Presented by Arlo Haskell.
‘The Jewish Underground’
Smuggling Refugees from Cuba to Key West: 1918-1939
During the 1920s, new immigration laws prohibited Jews from entering the United States as Adolf Hitler rose to power in Germany’s Nazi Party. In the ensuing humanitarian crisis, thousands of Jewish migrants became refugees in Cuba, where authorities looked the other way as smugglers transported them to Key West by any means necessary. Bar owners, boat captains, costume artists, counterfeiters, immigration officials, a rabbi, and even a traveling carnival company joined forces to reunite Jewish families and save the lives threatened by racist American laws. Their actions inspired Ernest Hemingway’s novel, To Have and Have Not, and pitted them against powerful local officials who belonged to the Ku Klux Klan. This talk illuminates the clandestine acts and secret societies of an era that bears striking similarities to our own.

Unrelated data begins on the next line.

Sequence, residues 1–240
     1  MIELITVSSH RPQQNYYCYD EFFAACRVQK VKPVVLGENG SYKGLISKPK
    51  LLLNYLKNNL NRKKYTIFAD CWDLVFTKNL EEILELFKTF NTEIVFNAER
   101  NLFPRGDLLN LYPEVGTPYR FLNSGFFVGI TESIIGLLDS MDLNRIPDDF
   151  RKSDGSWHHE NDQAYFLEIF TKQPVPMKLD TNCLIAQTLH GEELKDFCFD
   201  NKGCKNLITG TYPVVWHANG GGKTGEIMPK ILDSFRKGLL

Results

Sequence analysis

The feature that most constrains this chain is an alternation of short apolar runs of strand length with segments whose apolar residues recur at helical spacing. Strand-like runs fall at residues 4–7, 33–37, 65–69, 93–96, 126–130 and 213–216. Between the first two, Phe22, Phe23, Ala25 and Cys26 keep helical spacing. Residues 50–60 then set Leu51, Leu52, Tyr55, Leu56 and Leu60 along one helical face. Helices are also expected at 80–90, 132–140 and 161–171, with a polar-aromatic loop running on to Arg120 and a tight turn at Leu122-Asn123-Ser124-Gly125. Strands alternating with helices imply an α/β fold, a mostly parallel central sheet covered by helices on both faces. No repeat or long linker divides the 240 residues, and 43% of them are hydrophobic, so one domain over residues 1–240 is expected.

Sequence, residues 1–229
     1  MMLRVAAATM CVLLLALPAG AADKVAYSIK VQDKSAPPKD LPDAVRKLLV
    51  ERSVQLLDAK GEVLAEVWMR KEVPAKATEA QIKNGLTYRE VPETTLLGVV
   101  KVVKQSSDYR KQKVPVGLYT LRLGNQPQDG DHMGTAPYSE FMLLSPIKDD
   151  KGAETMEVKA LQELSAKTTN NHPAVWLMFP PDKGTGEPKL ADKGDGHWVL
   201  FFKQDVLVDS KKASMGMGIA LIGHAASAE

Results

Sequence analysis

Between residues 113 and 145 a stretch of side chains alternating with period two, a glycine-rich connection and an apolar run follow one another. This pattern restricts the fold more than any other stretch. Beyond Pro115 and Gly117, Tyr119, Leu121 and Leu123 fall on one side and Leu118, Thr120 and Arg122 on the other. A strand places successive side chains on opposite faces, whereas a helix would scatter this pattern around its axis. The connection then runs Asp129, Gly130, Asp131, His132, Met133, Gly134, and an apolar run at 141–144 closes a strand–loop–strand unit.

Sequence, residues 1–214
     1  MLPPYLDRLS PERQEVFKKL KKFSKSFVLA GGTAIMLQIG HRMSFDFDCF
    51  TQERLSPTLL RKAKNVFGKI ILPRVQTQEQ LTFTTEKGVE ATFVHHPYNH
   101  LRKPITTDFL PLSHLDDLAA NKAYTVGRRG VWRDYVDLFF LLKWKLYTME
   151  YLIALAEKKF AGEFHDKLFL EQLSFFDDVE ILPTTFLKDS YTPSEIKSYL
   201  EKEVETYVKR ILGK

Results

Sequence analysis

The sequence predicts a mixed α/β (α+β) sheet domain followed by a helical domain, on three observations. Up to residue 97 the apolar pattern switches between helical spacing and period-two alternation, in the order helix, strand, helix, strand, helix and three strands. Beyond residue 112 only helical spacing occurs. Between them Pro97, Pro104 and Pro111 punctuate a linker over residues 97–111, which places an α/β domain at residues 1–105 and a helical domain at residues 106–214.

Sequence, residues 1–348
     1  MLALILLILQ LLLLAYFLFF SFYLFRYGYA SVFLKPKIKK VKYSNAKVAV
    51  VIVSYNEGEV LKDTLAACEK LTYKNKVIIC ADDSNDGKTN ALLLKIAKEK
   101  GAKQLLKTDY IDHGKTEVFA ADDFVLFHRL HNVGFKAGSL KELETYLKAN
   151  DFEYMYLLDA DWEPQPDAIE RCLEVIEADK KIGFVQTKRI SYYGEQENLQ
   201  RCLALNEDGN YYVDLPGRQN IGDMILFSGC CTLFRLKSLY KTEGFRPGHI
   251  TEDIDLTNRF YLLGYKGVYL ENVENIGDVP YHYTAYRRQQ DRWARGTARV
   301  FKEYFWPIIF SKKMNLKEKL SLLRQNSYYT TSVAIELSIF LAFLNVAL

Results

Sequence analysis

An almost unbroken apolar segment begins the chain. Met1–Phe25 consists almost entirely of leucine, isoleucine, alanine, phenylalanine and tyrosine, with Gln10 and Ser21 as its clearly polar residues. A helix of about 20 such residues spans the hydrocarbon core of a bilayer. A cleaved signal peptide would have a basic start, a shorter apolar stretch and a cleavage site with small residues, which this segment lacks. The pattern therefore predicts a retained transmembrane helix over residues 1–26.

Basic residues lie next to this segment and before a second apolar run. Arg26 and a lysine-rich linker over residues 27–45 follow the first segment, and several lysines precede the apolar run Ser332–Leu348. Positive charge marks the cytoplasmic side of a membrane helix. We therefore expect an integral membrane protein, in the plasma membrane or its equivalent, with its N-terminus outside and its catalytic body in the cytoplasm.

Arlo Haskell is a writer, historian, editor, publisher, and literary organizer. He is the author of the Jews of Key West: 1823-1969, coming this fall from Sand Paper Press, and the director of the Key West Literary Seminar.
The project is sponsored in part by the Helmerich Trust and the Department of State, Division of Cultural Affairs, the Florida Council of the Arts and Culture and the State of Florida.